India’s economic growth for 2017 and 2018 will be slower than earlier projections, the International Monitory Fund (IMF) said in its latest World Economic Outlook released on Tuesday. The report cited “lingering impact” of demonetisation and the Goods and Services Tax for the expected slow down during the current and the next year.
The IMF projected India to grow at 6.7% in 2017 and 7.4% in 2018, which are 0.5 and 0.3 percentage points less than the projections earlier this year, respectively.
India’s slowdown is happening while the world economy is picking up steam and is projected to grow faster than earlier calculations, in 2017 and 2018. The IMF has revised upwards “global growth projections to 3.6% for this year and 3.7% for next — in both cases 0.1 percentage point above our previous forecasts,” Maurice Obstfeld, IMF Economic Counsellor and Director of Research, said at a press conference at the beginning of the World Bank-IMF annual meetings.
Union Finance Minister Arun Jaitley will attend the meetings.
“Among emerging market and developing economies, higher domestic demand in China and continued recovery in key emerging market economies supported growth in the first half of 2017. In India, growth momentum slowed, reflecting the lingering impact of the authorities’ currency exchange initiative as well as uncertainty related to the midyear introduction of the country-wide Goods and Services Tax,” the IMF report said.
The report said: “pickups in investment, trade, and industrial production, coupled with strengthening business and consumer confidence, are supporting the recovery,” globally. “With growth outcomes in the first half of 2017 generally stronger than expected, upward revisions to growth are broad based, including for the Euro area, Japan, China, emerging Europe, and Russia,” it said, noting that the downwards revisions for the United States, the United Kingdom, and India are offset by the global positive trends.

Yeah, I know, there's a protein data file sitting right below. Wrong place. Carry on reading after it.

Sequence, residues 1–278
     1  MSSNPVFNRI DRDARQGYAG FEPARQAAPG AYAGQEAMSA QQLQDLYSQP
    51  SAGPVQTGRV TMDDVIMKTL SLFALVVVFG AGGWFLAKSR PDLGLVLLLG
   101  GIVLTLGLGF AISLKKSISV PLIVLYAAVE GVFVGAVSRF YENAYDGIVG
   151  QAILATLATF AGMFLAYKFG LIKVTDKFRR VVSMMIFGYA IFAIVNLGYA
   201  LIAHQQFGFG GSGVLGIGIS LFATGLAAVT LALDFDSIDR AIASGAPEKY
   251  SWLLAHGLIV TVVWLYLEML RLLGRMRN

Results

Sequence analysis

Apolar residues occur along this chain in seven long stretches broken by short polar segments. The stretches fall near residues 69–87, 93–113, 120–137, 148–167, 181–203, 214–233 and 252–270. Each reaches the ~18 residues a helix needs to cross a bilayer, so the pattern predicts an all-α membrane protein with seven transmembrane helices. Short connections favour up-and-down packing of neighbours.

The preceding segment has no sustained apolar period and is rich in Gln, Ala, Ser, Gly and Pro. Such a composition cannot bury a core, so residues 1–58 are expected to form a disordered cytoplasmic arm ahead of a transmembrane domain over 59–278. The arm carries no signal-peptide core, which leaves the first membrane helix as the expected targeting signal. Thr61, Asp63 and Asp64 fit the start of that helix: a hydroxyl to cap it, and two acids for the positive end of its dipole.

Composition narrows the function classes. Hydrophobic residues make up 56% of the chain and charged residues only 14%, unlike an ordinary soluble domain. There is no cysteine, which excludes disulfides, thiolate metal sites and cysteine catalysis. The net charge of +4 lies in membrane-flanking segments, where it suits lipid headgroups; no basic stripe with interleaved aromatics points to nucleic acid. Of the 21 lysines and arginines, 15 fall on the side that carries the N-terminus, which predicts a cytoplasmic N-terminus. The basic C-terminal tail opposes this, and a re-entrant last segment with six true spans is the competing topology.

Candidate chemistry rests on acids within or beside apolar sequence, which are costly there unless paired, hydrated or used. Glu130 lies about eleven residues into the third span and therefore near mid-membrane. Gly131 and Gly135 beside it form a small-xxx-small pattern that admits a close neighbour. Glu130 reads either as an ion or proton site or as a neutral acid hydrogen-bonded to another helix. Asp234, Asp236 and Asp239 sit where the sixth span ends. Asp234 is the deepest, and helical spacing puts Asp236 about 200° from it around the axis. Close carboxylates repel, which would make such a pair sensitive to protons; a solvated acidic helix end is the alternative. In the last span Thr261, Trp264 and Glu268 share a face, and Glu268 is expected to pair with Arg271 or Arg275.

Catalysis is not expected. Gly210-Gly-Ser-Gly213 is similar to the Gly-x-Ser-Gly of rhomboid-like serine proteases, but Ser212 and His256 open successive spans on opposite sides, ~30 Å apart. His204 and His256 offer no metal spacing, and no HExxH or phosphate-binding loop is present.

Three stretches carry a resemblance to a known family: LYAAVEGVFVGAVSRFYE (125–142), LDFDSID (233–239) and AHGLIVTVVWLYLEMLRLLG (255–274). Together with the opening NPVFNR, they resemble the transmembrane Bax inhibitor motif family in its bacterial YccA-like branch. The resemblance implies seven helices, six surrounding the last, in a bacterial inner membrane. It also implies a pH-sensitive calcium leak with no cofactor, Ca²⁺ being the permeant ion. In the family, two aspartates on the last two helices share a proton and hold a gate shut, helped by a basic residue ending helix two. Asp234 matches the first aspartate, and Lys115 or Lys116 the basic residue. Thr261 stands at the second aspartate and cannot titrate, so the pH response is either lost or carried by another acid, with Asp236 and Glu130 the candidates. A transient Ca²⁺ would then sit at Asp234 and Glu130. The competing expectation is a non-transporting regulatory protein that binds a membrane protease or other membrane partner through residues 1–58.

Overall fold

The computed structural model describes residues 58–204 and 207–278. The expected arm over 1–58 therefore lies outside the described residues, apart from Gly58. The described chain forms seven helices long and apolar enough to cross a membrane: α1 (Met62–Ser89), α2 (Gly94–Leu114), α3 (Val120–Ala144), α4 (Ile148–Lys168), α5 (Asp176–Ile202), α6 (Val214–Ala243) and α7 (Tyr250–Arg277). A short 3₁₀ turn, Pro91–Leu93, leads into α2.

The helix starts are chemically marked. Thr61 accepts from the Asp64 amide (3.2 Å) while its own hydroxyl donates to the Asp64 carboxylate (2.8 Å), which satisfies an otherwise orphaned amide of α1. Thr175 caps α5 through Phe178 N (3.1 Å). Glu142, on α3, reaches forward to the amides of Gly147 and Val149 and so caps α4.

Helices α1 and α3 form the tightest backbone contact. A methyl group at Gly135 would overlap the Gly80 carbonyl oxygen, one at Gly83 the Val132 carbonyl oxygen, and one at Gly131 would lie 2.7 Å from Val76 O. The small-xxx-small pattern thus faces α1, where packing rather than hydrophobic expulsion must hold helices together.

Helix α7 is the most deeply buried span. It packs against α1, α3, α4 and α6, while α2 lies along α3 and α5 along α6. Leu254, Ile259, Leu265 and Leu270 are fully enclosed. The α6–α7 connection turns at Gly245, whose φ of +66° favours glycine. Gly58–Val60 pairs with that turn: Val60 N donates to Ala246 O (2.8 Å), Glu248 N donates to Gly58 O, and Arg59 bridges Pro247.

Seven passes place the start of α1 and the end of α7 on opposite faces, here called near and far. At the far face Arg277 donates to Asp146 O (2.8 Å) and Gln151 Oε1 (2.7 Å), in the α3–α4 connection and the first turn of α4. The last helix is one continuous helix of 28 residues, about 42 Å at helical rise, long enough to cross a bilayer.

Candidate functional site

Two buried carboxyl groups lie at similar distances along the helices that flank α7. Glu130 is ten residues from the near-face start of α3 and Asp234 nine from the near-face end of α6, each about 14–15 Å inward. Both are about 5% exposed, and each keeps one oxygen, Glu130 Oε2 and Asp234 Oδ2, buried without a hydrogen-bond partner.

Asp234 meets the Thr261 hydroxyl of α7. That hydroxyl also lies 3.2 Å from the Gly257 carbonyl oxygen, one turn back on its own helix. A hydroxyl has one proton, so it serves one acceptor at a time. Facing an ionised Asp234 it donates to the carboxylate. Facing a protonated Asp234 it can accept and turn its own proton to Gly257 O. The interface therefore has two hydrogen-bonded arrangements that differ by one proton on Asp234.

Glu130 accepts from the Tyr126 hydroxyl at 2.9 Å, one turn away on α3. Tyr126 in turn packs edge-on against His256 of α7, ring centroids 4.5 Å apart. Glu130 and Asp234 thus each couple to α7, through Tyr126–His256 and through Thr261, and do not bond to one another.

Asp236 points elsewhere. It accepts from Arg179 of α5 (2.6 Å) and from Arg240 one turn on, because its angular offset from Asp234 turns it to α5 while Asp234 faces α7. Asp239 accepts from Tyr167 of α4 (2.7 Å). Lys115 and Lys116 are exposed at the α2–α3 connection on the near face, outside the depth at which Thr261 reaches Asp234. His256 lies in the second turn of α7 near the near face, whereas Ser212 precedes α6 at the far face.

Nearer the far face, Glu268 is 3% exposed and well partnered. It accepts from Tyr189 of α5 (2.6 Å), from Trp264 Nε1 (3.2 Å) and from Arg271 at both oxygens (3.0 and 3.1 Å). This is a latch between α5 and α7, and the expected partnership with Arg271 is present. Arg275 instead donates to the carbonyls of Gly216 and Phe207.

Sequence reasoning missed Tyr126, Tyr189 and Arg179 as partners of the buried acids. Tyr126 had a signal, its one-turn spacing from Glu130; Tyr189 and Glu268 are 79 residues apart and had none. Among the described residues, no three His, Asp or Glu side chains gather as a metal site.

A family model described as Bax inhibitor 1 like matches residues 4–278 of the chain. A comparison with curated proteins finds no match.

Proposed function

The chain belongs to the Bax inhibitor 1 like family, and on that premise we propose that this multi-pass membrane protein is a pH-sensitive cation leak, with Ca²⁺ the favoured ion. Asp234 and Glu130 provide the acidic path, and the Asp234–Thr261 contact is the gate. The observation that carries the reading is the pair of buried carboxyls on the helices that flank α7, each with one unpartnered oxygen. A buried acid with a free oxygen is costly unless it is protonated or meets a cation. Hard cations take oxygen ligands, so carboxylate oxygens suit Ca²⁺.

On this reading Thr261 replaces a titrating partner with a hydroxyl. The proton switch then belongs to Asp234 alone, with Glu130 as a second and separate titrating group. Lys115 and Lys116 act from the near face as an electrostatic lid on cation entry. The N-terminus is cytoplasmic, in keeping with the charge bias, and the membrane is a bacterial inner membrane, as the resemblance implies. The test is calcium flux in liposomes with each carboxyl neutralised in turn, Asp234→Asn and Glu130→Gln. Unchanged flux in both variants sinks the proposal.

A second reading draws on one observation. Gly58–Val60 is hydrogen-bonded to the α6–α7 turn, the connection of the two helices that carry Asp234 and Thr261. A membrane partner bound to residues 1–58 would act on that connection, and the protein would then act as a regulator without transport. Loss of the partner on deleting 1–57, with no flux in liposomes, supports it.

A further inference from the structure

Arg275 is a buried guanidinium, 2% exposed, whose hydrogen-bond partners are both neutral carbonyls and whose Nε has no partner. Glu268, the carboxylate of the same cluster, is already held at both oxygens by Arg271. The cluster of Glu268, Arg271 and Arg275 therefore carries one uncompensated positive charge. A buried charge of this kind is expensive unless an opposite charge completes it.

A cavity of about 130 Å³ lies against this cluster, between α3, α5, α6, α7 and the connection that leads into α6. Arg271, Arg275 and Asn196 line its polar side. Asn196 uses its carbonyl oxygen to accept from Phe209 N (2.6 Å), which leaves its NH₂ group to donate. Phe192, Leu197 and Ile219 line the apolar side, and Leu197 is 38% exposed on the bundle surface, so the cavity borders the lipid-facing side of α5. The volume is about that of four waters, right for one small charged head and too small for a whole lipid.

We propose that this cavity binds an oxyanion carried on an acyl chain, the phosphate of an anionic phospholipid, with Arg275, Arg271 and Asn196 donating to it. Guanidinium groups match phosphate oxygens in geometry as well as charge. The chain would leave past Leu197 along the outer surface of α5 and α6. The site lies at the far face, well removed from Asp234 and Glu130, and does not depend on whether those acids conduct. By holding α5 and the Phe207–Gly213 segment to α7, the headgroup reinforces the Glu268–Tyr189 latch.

The IMF, meanwhile, has revised upwards, India’s growth performance for 2016 in its latest calculations, owing to strong government spending and “data revisions in India,” which is now 7.1 percent as opposed to 6.8% in April.
The report said the downward revisions for 2017 and 2018 reflect “still lingering disruptions associated with the currency exchange initiative introduced in November 2016, as well as transition costs related to the launch of the national Goods and Services Tax in July 2017.”
The report, however, strikes a positive note on the medium term impact of GST. It “promises the unification of India’s vast domestic market, is among several key structural reforms under implementation that are expected to help push growth above 8% in the medium term,” the report said. In 2015, the Indian economy had grown at 8%.
Mr. Jaitley told a gathering in New York on October 9 that the implementation of GST has been going on smooth and accused Opposition parties of trying to “derail” it. "Many attempts have been made by political groups to derail the GST, but I am glad that their own state governments are not listening to them because they know 80 per cent of the money is going to come to them so they don't have to appease an ill-informed central leader of the party and let the revenues of their own state suffer," he said at an event organized by the Confederation of Indian Industry (CII) and the U.S.-India Business Council (USIBC).
“…There are going to be different complaints — some legitimate, some manufactured,”the Minister said, adding that the government needs to have capacity to distinguish between a genuine and a manufactured complaint. Mr. Jaitley said the GST Council met every month and reviews the situation to make amends to the programme. "It's been a fairly smooth transition," he said.